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Who is driving less in response to the pandemic, Democrats or Republicans? A June update

by Michael Sivak, Sivak Applied Research.

In a recent analysis, I have shown that in March 2020 (the first month with the pandemic), the decrease in vehicle miles traveled (VMT) in the states with preference for Democrats was greater than in the states with preference for Republicans. The present analysis examined whether the pattern was still present in June 2020—the month with the most current available data.

According to the Federal Highway Administration, in June 2020, VMT decreased by 13.0% compared with June 2019. However, the decrease in VMT varied widely by state, ranging from 28.7% in Hawaii to 4.0% in Tennessee. Thus, this analysis examined the relationship between the decrease in VMT in June 2020 in individual states (and the District of Columbia) and whether those states were “blue” or “red.”

The data on political preference in June 2020 came from the Cook Political Report that was published on June 19, 2020. The Report lists each state as Solid Democrat, Likely Democrat, Lean Democrat, Toss Up, Lean Republican, Likely Republican, or Solid Republican. In the present analysis, the states were combined into three groups: Solid or Likely Democrat (N = 18), Lean Democrat, Toss Up, or Lean Republican (N = 13), and Likely or Solid Republican (N = 20).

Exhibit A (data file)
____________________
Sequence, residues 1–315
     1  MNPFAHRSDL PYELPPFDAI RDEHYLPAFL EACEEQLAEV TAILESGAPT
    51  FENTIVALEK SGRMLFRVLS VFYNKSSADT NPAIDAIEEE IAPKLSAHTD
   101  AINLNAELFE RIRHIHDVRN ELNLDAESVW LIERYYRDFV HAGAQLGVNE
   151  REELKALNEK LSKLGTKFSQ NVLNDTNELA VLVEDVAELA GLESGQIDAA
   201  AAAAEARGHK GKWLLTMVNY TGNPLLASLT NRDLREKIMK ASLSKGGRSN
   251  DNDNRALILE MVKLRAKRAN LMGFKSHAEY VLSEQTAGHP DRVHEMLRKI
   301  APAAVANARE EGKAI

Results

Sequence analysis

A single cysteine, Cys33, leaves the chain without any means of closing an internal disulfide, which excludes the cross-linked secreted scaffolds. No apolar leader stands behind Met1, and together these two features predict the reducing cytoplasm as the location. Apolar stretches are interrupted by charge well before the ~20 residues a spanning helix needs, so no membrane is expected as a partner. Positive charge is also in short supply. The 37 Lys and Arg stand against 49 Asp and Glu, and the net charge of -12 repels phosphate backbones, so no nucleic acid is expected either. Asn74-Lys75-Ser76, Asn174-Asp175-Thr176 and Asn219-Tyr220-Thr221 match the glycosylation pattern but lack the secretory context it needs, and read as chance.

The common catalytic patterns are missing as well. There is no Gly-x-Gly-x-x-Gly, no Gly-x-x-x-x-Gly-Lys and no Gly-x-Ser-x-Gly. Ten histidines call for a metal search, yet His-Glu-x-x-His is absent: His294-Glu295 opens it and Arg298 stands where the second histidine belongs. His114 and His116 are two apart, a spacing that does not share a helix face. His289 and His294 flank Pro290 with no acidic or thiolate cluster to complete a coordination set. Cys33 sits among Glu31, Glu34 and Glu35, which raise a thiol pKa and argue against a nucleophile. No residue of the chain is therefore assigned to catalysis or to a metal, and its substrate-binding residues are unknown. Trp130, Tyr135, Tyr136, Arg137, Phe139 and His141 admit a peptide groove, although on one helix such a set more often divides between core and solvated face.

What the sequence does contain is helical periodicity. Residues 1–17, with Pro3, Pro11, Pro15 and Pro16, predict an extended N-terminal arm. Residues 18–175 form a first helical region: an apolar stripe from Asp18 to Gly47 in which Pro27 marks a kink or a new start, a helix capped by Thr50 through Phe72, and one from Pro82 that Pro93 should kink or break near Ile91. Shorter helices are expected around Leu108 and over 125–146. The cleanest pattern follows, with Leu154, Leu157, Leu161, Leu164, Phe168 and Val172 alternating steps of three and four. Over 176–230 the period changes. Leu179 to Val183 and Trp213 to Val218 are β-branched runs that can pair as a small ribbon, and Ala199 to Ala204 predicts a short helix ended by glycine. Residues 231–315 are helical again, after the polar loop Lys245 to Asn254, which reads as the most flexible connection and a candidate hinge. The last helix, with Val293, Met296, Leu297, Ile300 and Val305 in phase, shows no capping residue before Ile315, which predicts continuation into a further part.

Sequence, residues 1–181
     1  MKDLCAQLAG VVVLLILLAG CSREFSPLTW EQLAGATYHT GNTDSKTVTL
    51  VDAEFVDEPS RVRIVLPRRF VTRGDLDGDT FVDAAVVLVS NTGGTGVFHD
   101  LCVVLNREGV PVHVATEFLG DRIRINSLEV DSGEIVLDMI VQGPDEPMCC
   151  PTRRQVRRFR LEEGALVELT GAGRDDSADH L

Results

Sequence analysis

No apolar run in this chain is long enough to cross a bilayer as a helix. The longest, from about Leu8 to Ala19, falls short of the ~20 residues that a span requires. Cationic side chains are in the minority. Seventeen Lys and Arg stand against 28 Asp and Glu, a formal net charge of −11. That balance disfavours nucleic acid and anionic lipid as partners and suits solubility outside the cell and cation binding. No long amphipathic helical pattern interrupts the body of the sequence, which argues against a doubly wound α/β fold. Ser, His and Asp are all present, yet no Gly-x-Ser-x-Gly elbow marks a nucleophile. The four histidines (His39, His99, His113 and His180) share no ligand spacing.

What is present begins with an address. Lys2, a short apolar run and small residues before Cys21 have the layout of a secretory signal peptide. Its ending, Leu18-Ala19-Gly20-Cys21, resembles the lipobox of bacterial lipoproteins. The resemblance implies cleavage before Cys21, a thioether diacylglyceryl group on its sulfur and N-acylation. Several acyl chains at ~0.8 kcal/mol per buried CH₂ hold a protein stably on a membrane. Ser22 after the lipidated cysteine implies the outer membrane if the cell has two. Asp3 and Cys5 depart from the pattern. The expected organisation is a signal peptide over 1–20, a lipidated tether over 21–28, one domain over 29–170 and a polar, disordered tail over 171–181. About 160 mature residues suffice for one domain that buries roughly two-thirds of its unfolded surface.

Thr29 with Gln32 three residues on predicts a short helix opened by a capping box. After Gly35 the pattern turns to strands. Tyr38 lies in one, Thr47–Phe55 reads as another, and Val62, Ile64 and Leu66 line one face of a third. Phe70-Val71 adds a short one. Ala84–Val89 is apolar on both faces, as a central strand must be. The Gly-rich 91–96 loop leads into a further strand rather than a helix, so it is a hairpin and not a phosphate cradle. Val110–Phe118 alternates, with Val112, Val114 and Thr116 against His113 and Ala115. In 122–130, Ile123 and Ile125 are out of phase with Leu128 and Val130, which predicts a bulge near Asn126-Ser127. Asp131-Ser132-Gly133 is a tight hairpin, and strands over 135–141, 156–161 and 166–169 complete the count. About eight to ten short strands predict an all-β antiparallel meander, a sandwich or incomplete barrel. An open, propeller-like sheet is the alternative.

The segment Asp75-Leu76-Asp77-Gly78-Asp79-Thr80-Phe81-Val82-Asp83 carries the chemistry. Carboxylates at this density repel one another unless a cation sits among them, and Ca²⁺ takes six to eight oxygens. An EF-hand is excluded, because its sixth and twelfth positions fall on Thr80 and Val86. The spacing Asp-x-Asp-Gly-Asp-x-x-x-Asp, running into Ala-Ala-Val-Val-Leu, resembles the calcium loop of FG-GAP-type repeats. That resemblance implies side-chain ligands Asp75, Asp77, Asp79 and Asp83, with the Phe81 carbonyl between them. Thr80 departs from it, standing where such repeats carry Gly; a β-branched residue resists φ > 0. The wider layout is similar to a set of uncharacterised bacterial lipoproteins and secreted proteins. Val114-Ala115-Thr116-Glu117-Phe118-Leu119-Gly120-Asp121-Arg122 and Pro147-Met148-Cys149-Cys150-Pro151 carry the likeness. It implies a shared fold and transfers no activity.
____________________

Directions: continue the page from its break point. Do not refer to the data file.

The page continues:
The main result is that the average decrease in VMT in June 2020 in the states that were Solid or Likely Democrat was 17.7%, while in the states that were Solid or Likely Republican the decrease averaged 8.9%. In the Lean Democrat, Toss Up, or Lean Republican states, the decrease was in between—12.7%. (The analogous percentage decreases in March 2020 were 20.9%, 15.4%, and 16.8%, respectively.)

Although the states with preference for Democrats tend to be more urban than the states with preference for Republicans, the urban/rural difference does not fully account for the main finding. This is the case because in June 2020 VMT on urban roads decreased by 14.0% compared with a decrease of 10.7% on rural roads—a smaller difference than the Democrat/Republican difference obtained in this analysis.

Michael Sivak is the managing director of Sivak Applied Research and the former director of Sustainable Worldwide Transportation at the University of Michigan.


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